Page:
It bangs one about until one is senseless

On 6th February 1952, 15 years after taking to the throne following his brother’s abdication, King George VI died in his sleep following a long illness. He was immediately succeeded by his 27-year-old daughter, Elizabeth, whose reign continues to this day, and his funeral took place a week later at Windsor Castle’s St. George’s Chapel, where Prince Philip’s will be held in a few hours. Soon after the King’s death, his grieving widow, Queen Elizabeth The Queen Mother, was sent a soothing anthology by British poet Edith Sitwell. This letter was her response.

15 September 1952

My dear Miss Sitwell,

It was so very kind of you to send me a copy of your lovely book1. It is giving me the greatest pleasure, and I took it out with me, and I started to read it, sitting by the river, & it was a day when one felt engulfed by great black clouds of unhappiness & misery, and I found a sort of peace stealing round my heart as I read such lovely poems & heavenly words.

I found a hope in George Herbert’s poem2, “Who could have thought my shrivel’d heart, could have recovered greennesse? It was gone quite underground.’ And I thought how small and selfish is sorrow. But it bangs one about until one is senseless and I can never thank you enough for giving me such a delicious book wherein I found so much beauty & hope — quite suddenly one day by the river.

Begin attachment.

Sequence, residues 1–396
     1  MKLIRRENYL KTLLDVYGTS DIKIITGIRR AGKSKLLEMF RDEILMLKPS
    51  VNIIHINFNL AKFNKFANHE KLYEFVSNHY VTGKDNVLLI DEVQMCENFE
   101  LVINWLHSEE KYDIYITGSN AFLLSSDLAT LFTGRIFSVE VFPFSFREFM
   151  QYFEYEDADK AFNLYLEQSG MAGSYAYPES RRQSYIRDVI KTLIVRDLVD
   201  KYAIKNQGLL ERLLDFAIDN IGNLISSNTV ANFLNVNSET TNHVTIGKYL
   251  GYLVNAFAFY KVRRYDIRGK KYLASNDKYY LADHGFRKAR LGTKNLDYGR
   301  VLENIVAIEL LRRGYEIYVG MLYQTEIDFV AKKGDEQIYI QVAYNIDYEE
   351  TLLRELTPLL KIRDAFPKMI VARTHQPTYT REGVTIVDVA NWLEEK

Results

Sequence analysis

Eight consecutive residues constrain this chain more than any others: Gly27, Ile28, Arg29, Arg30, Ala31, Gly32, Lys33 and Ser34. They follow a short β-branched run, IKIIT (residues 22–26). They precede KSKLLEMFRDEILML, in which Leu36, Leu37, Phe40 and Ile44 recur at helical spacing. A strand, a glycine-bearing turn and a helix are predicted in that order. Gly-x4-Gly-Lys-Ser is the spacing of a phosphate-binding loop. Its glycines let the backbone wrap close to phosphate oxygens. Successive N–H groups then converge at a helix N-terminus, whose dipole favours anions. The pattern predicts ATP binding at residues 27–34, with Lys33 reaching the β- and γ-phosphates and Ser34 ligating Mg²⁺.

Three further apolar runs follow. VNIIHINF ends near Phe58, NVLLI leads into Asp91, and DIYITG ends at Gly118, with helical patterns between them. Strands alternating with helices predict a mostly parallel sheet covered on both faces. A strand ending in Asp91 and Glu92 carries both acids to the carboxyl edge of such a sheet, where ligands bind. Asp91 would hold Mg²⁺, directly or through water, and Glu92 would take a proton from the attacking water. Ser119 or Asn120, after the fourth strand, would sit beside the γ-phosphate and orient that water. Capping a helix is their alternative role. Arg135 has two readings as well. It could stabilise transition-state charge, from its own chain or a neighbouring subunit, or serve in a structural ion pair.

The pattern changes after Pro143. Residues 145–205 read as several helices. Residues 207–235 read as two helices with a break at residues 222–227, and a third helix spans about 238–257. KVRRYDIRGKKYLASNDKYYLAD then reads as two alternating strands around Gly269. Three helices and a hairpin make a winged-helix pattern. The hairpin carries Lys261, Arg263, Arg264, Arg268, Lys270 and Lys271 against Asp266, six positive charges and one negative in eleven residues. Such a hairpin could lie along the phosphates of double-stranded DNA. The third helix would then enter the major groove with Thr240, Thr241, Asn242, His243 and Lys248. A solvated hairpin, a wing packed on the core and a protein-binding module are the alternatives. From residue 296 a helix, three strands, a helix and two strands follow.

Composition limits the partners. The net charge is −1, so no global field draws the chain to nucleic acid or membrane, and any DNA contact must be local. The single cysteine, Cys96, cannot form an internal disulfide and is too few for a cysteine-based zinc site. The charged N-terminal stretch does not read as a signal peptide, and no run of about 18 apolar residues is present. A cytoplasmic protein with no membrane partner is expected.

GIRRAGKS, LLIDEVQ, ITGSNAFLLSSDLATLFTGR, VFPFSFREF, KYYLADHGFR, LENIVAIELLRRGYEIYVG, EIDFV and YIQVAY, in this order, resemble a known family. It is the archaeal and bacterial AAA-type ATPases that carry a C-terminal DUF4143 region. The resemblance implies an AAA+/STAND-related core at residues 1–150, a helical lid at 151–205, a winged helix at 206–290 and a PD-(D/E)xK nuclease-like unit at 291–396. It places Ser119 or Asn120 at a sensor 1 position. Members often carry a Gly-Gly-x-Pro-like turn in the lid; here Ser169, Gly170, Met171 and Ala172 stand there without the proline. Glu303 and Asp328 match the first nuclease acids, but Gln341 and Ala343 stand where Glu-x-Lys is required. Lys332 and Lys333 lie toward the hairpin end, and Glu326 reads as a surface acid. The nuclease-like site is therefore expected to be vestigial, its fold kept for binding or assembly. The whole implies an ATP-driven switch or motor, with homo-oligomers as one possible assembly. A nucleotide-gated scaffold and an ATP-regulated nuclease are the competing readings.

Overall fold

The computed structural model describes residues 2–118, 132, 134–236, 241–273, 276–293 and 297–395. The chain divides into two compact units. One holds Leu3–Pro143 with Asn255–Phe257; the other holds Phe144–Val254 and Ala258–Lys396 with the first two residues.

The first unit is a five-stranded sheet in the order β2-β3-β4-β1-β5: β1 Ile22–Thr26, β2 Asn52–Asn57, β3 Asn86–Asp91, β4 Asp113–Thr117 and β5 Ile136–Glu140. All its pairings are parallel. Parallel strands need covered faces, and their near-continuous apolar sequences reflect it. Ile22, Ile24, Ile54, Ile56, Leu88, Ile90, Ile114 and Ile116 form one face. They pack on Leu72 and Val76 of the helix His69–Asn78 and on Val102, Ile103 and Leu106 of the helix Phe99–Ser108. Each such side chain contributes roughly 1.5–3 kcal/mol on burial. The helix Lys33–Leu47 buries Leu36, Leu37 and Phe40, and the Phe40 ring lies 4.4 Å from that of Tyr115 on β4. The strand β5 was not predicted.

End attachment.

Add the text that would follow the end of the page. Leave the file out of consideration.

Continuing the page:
It is such an entrancing collection of beautiful & unusual things, & must have taken a lot of digging & delving to find so much variety. I am deeply touched by your thought of me, I love being given books, and I send you my warmest thanks.

I am, yours very sincerely,

Elizabeth R


A Book of Flowers, edited by Edith Sitwell


The Flower, by George Herbert